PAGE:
Posted on Oct 13 2018 10:37 PM
Loved the article and am glad to know that Surf still gets a bit of ink, from time to time. A few random thoughts:
The Beatles were a seismic event, both musically and culturally. They probably hastened the demise of Surf to some degree, but it’s not so cut and dried.
For the record, I was born in 1954, but having a sister 8 years older than I exposed me to a lot of music in real time. I remember the Everly Brothers, Alley Oop and even Blueberry Hill. I can remember when Chubby Checker’s material was all the rage.
The Beach Boys and Jan & Dean were new and exciting and the Surf instrumentals went hand in hand with that scene, at least to the best of my recollection. I have distinct memories of the summer on 1963 and the two vocal groups mentioned above were all over the airwaves. Then came November 22 and even at nine years old, I was stunned. It was like American pop culture had slammed on its brakes. Our entire sense of nation had been rocked to the core.
Then came Feb 9, 1964, and everything rebooted. The Beach Boys were still there, although starting to move away from the Surf and automotive themes. By the summer of 1964, music was measured against the Beatles. I don’t know that they killed Surf music; I think it’s more that everyone was recovering from Kennedy and something new and different was just what the marketplace ordered.
I can’t think of a better word for what happened than a reboot, but Surf wasn’t exactly dead. The Surf culture persisted, but it wasn’t hitting the Top 40 anymore.
This forum is pretty much about instrumental Surf Music, if you were to ask people my sister’s age about Surf Music, you’d probably hear more about The Beach Boys and Jan & Dean. Instrumental Surf was known and appreciated, but it probably got more airplay due to the boost it got from the vocal bands that sang about surfing and cars. The Ventures were a steady source of Instrumental Rock and to the casual listener it probably all seemed part of the same phenomenon.
Hey, it was a great time to turn on the radio. I loved that music and, even as a child I had a true passion for all of it. I still feel a twinge of nostalgia when I remember The Little Old Lady From Pasadena. The Beach Boys were obviously something very special too. I can’t help but feel that the whole musical scene of 1962-1963 was tightly enmeshed. Nobody was thinking genres, we were too busy enjoying all of it.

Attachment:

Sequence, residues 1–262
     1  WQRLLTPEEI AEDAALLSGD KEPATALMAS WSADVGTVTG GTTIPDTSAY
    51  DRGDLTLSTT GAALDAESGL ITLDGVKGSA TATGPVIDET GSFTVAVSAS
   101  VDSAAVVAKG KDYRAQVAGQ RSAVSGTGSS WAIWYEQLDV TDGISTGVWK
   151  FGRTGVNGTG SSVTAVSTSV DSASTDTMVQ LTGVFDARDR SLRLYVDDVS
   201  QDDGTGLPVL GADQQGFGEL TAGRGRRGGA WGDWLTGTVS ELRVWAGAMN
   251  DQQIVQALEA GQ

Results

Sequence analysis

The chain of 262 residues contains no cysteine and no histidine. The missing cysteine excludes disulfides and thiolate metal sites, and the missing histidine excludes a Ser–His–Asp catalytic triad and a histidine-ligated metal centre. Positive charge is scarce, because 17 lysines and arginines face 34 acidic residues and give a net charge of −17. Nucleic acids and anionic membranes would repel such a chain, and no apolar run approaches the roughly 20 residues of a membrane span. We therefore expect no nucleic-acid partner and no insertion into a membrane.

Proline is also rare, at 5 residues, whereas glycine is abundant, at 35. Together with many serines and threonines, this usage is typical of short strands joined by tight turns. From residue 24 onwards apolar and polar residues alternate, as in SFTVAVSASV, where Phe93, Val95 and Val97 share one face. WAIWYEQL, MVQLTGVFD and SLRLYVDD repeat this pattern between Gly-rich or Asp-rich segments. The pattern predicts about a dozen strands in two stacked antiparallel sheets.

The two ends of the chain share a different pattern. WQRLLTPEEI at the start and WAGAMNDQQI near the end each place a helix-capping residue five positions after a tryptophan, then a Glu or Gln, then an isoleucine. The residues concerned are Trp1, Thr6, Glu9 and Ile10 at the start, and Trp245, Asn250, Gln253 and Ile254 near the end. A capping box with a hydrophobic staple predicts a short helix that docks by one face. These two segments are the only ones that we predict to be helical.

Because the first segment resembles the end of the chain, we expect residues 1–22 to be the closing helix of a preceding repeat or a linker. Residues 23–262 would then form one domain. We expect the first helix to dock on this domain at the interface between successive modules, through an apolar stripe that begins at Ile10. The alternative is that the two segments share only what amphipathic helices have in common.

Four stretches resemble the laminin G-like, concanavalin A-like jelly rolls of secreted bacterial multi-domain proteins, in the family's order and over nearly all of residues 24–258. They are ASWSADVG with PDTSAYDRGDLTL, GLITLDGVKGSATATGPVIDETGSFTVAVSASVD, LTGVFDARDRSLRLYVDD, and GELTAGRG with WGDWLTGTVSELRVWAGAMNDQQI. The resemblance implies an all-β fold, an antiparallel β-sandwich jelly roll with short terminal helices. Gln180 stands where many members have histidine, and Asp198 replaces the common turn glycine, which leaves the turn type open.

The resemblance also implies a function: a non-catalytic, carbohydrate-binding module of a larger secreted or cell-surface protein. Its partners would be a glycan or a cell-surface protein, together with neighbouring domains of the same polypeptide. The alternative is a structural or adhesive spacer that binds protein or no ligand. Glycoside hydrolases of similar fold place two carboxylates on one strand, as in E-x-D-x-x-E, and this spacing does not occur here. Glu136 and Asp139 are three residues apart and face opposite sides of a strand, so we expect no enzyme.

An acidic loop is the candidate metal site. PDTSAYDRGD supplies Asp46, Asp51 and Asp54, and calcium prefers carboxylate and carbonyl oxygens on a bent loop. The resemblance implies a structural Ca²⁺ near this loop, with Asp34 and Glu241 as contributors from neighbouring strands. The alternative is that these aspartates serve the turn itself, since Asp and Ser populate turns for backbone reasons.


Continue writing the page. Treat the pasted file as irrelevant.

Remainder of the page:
Then the Beatles came along and we embraced that as well. In all honesty, it seemed like a natural progression from the music of 1963. Surfing and street racing weren’t part of the Brit-Rock scene, but they had some great “boy meets girl” songs and a bLues sensibility that could not be denied. They also advanced the art of Folk Rock and helped to open the door for that genre.
I don’t think that American music fled Surf so much as it rushed to emulate the Beatles. If you’ve ever seen the movie “That Thing You Do” you will have a pretty good glimpse of the zeitgeist in mid 1964.
But there’s another aspect to this as well, and that is the fact that while hardcore, Dick Dale style Surf was pretty much forgotten by the mid sixties, there were still any number of recordings being made which utilized the basic instrumental Surf instrumentation, albeit at a slightly lower energy level. The Ventures, and innumerable copycat bands, still were receiving airplay and that sound was filtering into what we today would think of as adult contemporary music. Add in the fact that Buck Owens all but owned the top spot on the Country charts and there was still a lot of reverb drenched twang modulating over the AM HF band.
I would say that Surf didn’t so much die as it was a case of mutual assimilation. It was subsumed by follow ons in Pop and Top 40, but it also influenced Pop and Top 40 through out the sixties and into the seventies. I present as Exhibit A, the Doors Riders On the Storm. The world of psychedelic music had some Surf DNA.
Music changes, it redefines itself and it takes on different identities, but for my two bits, I’m just glad that people still appreciate the sound of clean guitars and reverb.
The artist formerly known as: Synchro
When Surf Guitar is outlawed only outlaws will play Surf Guitar.
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